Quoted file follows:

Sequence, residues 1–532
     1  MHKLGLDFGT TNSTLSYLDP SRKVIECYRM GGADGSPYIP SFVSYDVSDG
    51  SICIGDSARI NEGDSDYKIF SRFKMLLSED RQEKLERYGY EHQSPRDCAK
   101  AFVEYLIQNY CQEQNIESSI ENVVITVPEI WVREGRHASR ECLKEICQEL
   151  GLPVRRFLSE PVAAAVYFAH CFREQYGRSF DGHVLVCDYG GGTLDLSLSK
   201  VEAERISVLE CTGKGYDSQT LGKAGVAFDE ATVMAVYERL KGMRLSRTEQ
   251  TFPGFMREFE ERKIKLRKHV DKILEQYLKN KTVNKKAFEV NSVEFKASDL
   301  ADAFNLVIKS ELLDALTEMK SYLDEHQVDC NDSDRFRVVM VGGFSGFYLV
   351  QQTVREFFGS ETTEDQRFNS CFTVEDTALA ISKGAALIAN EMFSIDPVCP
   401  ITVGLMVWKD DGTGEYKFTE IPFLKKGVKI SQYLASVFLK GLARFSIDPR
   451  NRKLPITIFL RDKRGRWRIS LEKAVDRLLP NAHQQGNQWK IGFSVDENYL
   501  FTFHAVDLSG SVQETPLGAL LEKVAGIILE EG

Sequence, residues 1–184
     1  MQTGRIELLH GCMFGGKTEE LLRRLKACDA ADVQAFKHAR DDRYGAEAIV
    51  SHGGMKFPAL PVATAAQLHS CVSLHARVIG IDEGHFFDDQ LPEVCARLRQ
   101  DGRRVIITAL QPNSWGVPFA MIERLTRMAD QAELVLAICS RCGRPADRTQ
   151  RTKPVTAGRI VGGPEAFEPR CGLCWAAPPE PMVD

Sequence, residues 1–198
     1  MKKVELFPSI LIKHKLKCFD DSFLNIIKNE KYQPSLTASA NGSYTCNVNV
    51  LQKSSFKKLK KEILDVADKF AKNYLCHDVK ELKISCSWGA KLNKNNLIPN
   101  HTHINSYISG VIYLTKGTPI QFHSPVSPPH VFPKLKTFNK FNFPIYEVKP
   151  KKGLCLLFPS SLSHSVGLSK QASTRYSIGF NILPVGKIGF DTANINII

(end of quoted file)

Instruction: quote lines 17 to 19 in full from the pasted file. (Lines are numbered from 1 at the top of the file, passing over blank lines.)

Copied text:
   151  RTKPVTAGRI VGGPEAFEPR CGLCWAAPPE PMVD

Sequence, residues 1–198
     1  MKKVELFPSI LIKHKLKCFD DSFLNIIKNE KYQPSLTASA NGSYTCNVNV